Jesse Ventura on The DisinfoView: They Killed Our President

Jesse Ventura joins disinformation’s Gary Baddeley once again to discuss his new book, They Killed Our President: 63 Facts That Prove a Conspiracy to Kill JFK. In addition to agreeing that Lee Harvey Oswald was the one person who almost certainly didn’t assassinate JFK, they discuss the Government shutdown, Jesse’s plans to run for president in 2016 with Howard Stern, and his new show for



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1 Comment on "Jesse Ventura on The DisinfoView: They Killed Our President"

  1. Simiantongue | Oct 12, 2013 at 9:34 pm |

    Enjoy your interview style Mr Baddeley. Good questions. Good idea to have notes to keep the interview on track, Jesse can digress at times.

    One thing about he “63” question. This is very trivial but It struck a cord. Mr Ventura says it’s named that because that’s the year Kennedy was assassinated. But I recall in your last interview posted here, his last book was “63” Documents the Government Doesn’t Want You to Read. Which makes me think the number 63 has some sort of significance for him. Or perhaps it could be as simple as an attempt to link the books together for marketing.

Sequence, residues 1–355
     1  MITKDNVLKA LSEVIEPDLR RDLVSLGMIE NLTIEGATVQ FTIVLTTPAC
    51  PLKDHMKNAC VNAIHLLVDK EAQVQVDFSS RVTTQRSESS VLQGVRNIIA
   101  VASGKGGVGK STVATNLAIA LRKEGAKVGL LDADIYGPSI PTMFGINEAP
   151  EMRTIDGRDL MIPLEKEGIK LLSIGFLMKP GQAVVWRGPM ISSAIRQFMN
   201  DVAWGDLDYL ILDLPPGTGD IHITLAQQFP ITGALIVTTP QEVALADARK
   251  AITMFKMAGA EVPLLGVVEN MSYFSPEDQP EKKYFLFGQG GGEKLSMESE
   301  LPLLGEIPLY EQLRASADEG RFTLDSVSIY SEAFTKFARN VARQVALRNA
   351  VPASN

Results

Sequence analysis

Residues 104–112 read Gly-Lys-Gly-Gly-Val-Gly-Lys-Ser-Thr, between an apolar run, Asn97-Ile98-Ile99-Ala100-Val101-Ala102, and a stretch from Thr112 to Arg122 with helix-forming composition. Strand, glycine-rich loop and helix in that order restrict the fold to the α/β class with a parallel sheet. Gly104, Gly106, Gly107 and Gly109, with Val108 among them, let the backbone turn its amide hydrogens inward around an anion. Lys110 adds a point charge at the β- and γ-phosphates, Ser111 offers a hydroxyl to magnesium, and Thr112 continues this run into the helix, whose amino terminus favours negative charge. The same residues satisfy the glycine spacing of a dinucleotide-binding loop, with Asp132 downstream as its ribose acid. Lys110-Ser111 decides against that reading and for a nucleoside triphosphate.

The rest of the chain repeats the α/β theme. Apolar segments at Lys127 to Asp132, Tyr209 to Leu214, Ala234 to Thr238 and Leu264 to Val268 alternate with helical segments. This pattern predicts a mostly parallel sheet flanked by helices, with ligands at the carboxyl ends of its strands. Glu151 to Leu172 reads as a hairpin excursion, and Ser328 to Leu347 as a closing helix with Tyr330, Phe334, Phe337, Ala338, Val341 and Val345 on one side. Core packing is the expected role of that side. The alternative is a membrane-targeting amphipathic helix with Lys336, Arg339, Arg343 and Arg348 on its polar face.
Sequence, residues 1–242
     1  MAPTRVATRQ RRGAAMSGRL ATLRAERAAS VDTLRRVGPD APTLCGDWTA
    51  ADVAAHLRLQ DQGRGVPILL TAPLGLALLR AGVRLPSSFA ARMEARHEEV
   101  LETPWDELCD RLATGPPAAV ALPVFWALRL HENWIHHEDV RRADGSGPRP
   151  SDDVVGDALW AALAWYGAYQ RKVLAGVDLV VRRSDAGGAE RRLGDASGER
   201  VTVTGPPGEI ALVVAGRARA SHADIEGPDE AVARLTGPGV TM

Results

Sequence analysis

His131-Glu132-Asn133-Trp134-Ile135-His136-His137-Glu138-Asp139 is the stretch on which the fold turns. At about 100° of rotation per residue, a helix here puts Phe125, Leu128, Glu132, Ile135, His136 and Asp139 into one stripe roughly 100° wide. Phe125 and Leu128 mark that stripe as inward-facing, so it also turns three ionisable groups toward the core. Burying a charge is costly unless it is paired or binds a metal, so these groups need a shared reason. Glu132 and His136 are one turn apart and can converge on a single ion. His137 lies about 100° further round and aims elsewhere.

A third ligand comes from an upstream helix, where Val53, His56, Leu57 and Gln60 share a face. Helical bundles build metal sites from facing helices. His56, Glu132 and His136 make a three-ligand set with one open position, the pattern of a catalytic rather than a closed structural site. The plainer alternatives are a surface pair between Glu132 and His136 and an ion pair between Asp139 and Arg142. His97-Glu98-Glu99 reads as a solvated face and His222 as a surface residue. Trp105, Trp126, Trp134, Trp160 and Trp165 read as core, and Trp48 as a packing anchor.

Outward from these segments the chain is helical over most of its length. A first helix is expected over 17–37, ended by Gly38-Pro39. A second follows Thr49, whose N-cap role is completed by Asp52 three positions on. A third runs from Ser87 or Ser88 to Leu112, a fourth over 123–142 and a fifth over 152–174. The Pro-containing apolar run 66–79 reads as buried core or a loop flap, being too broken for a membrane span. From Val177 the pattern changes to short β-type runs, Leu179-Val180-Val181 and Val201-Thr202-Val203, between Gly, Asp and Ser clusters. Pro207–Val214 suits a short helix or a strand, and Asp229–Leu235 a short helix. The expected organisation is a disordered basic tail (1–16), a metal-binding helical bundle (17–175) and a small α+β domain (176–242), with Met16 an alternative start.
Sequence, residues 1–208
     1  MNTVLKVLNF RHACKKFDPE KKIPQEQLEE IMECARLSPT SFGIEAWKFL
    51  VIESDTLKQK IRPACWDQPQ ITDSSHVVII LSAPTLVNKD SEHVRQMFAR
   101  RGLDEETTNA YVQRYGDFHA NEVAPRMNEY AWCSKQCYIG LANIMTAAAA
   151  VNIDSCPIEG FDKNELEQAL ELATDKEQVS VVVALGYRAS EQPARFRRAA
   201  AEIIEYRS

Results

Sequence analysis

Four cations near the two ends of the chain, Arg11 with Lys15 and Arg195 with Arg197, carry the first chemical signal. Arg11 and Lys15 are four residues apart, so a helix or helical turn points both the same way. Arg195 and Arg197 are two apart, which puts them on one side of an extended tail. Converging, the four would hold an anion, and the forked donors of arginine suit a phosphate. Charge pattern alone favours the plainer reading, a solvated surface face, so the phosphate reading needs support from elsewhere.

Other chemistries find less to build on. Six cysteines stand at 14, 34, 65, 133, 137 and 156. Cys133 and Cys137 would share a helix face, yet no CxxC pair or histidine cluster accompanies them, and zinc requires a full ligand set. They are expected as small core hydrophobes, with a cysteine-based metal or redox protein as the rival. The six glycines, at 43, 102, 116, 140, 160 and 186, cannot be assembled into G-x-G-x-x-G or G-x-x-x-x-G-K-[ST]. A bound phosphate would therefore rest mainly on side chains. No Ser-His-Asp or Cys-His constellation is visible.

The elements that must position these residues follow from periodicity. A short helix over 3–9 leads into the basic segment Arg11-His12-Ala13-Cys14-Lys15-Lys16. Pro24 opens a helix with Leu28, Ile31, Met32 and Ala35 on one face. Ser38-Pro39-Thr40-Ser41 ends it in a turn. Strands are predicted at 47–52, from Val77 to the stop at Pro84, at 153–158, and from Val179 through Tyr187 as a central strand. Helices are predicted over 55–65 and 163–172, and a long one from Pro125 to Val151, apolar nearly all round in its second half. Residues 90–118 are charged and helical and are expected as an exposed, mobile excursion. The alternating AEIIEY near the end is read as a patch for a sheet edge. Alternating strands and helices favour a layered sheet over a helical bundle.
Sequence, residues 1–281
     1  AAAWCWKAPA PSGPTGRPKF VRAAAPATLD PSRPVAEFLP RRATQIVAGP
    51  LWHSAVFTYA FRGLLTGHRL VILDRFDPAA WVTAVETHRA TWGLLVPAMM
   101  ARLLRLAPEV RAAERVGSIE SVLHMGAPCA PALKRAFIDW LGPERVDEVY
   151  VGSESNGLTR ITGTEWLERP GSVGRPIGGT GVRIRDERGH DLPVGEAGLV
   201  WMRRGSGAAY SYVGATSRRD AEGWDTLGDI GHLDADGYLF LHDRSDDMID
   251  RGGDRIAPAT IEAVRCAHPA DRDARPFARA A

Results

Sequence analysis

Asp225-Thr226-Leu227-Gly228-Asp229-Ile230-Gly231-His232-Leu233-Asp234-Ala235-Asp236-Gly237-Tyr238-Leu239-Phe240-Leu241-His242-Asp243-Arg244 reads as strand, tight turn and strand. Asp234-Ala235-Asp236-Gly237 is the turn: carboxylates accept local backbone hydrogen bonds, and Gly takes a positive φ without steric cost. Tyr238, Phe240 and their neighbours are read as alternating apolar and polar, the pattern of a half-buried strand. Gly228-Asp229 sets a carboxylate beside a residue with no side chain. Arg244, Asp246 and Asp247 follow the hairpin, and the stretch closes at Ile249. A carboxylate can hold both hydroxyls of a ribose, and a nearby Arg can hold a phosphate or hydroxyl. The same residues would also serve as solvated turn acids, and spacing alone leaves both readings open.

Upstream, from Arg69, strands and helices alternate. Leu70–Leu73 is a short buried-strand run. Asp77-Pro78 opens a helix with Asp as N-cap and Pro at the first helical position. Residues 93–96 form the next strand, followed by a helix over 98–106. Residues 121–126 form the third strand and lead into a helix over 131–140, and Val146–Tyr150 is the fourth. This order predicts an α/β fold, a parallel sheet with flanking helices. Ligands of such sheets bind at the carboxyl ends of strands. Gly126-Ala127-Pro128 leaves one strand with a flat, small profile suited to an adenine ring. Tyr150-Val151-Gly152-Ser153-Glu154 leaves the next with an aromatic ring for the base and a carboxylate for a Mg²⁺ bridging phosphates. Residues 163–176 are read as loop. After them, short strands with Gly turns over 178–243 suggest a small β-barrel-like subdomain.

Mr Ventura is right about the shutdown. Not much to do with Democrats. The negotiations over the Affordable Care Act were over in 2010. It was okayed in 2012 by a mostly conservative supreme court. Mr Ventura took part in some Tea-party rallies, mostly those of Ron Paul. It was interesting that he blamed the Republican party in general, when in fact it is Tea-party caucus that is largely responsible for the gov’t shutdown.

    Even though Mr Ventura rallied for Tea-party causes he clearly doesn’t see eye to eye with them on health care. What this says to me is that Mr Ventura thinks along principled lines and not party lines. So his claim of being “independent” at least holds in his off the cuff conversations.

    Even if some would scoff at Ventura running for another political office. I’d say why not, at least he’s principled. If you’ve ever had the experience of speaking to a politician of any sort you’re fully aware that what they say to you is obviously rehearsed, as the answer doesn’t always make complete contextual sense in reference to the question.

    I once asked Mitt Romney about Banks in Massachusetts violating foreclosure rules. His eyes wandered for a second or two as if mentally bringing up some kind of rote answer. And sure enough his answer had little to do with the question. But rhetorically it was a neutral answer. Nothing that would piss you off, or better yet his real constituency the banks.

    With Ventura you might or might not like his answers but you can tell they’re based on some set of principles he believes in. It’s not something he’s saying simply to get your vote. I think that’s perhaps the difference between a statesman and a politician.


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